Microleakage of composite crowns luted on CAD/CAM-milled human molars: a new method for standardized in vitro tests
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To investigate debonding of full crowns made of CAD/CAM composites, CAD/CAM technology was applied to manufacture standardized test abutments to increase the reproducibility of human teeth used in in vitro studies.
Materials and methods
A virtual test abutment and the corresponding virtual crown were designed and two STL data sets were generated. Sixty-four human third molars and CAD/CAM blocks were milled using a CNC machine. Crowns of four different composite blocks (Lava Ultimate (LU), Brilliant Crios (BC), Cerasmart (CS), Experimental (EX)) were adhesively bonded with their corresponding luting system (LU: Scotchbond Universal/RelyX Ultimate; BC: One Coat 7 Universal/DuoCem; CS: G-PremioBond/G-Cem LinkForce; EX: Experimental-Bond/Experimental-Luting-Cement). Half of the specimens were chemical-cured (CC) and the others were light-cured (LC). Afterwards, specimens were artificially aged in a chewing simulator (WL-tec, 1 million cycles, 50–500 N, 2 Hz, 37 °C). Finally, a dye penetration test was used to detect debonding. For inspection, the specimens were sliced, and penetration depth was measured with a digital microscope. Data were analyzed with the Mann-Whitney U test.
No cases of total debonding were observed after cyclic loading. However, the LC specimens showed a significantly lower amount of leakage than the CC ones (p < 0.05). Furthermore, the CC specimens exhibited broad scattering. Only the LC-EX blocks showed no debonding. The CC-CS blocks showed the highest leakage and scattering of all tested specimens.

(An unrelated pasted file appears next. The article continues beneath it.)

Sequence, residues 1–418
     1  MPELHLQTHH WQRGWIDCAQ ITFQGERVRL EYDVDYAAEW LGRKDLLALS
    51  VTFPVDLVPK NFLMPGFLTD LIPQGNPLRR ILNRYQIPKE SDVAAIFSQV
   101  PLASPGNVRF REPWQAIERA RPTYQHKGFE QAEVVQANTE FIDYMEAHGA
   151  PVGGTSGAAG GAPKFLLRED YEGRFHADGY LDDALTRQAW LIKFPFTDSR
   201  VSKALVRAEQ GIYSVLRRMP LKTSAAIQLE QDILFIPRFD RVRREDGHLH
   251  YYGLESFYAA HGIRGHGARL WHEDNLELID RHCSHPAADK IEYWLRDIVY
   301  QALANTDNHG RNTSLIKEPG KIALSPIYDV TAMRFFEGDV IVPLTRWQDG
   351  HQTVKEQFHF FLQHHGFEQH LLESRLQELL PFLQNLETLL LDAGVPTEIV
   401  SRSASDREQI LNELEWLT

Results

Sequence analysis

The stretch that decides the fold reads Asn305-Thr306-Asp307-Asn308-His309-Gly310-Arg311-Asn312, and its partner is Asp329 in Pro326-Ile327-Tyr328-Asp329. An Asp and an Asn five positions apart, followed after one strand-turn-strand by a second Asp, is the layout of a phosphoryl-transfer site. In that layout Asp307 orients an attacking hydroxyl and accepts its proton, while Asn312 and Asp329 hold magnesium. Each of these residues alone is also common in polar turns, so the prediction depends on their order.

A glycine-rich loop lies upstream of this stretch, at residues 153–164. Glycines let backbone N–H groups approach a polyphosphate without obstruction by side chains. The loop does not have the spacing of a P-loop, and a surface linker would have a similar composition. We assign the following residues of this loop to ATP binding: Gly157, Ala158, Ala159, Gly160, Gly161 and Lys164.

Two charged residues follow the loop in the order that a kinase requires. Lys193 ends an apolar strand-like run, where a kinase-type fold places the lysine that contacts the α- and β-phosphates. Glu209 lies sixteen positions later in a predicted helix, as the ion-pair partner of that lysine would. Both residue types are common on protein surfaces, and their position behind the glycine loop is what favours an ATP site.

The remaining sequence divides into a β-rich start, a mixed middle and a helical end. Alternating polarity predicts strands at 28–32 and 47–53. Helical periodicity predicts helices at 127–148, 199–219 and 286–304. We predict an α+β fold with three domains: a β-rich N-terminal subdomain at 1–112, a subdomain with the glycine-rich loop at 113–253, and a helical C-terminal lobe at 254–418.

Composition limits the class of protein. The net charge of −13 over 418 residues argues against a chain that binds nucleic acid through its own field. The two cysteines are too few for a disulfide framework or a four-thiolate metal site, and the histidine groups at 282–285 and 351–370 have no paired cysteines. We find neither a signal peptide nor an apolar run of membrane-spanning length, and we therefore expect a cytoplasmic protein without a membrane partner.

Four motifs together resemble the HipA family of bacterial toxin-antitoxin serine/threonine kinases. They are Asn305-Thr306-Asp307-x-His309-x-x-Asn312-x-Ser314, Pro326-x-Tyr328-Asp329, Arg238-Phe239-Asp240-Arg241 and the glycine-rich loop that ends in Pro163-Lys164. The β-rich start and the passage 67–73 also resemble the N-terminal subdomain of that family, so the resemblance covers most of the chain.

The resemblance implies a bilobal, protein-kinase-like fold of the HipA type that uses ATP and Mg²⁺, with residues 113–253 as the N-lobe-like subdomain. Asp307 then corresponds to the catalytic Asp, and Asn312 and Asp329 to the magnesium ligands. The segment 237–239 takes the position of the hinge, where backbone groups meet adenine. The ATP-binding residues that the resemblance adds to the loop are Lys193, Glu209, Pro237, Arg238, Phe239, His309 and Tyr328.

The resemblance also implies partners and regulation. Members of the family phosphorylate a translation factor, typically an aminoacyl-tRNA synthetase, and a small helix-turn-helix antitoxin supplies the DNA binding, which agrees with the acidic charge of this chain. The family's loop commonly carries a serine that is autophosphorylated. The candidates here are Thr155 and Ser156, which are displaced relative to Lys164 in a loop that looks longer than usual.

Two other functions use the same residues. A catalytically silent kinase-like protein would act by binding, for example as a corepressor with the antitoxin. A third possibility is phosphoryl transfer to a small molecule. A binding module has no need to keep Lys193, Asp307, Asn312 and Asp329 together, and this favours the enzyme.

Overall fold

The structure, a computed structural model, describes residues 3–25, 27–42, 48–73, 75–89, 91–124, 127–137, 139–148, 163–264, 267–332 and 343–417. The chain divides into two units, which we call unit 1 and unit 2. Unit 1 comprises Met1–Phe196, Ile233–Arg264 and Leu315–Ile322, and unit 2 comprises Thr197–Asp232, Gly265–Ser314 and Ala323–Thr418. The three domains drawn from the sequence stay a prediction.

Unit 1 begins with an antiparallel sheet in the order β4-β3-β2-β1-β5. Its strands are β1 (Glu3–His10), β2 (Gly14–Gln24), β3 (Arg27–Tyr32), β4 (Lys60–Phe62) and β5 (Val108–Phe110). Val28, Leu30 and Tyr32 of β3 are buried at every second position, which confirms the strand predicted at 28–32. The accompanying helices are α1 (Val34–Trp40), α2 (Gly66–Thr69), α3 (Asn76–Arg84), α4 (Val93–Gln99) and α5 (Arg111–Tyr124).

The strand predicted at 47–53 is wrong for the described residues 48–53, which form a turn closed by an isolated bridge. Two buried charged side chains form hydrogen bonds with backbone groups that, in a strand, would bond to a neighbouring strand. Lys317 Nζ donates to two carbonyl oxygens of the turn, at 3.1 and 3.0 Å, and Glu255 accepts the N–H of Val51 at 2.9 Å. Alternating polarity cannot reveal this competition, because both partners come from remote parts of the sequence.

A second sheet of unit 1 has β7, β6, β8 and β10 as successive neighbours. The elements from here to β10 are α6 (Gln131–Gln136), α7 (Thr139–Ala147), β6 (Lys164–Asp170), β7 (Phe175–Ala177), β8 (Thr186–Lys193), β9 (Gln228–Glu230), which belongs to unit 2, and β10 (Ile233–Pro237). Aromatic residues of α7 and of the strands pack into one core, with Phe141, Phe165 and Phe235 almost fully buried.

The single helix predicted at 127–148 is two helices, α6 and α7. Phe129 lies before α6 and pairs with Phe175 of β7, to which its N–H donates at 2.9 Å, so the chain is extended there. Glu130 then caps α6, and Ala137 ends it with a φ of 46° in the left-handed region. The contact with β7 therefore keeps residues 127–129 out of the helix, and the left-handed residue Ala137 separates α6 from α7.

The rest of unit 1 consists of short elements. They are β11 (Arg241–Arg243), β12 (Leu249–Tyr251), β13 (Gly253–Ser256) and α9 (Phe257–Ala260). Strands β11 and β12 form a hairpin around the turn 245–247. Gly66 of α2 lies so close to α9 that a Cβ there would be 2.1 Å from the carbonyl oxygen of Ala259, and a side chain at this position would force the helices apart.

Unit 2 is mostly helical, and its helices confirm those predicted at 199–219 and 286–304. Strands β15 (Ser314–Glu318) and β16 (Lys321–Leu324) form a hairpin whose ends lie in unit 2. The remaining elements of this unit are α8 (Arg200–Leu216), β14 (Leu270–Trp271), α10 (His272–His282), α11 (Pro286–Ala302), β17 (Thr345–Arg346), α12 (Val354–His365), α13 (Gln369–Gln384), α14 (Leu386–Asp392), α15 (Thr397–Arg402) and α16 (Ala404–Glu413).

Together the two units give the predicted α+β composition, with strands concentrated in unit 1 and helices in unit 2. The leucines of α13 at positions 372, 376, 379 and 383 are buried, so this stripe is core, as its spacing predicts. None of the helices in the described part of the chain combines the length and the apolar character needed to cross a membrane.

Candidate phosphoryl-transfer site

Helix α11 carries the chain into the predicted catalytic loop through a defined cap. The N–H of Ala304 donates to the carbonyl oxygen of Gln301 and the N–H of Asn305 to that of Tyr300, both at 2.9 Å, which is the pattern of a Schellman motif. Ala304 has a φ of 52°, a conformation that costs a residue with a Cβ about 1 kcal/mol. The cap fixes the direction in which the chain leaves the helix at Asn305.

Natural human teeth can be manufactured by CAD/CAM technology in highly standardized test abutments for in vitro testing. For CAD/CAM composites, light curing should be performed.
The success of a restoration depends on the long-term sealing ability of the luting materials, which avoids debonding along with microleakage. For CAD/CAM composites, separate light curing of the adhesive and luting composite is highly recommended.
KeywordsCAD/CAM Debonding Composite Microleakage Adhesive cementation
The authors would like to thank the dental companies Coltene and Dental Milestones Guaranteed (DMG) for the donation of their materials for the study. In addition, we are thankful for the support of the dental technicians, Marc Richter and Ulf Neveling, for the extraordinary value for designing the STL data sets. Furthermore, we gratefully acknowledge the support of our biostatistician, Dr. Johannes Herrmann, for the statistical analysis.
The work was supported by the Department of Prosthodontics, Justus-Liebig-University in Giessen, Germany.
Compliance with ethical standards
Conflict of interest
The authors declare that they have no conflict of interest.
This article does not contain any studies with human participants or animals performed by any of the authors.
For this type of study, formal consent is not required.
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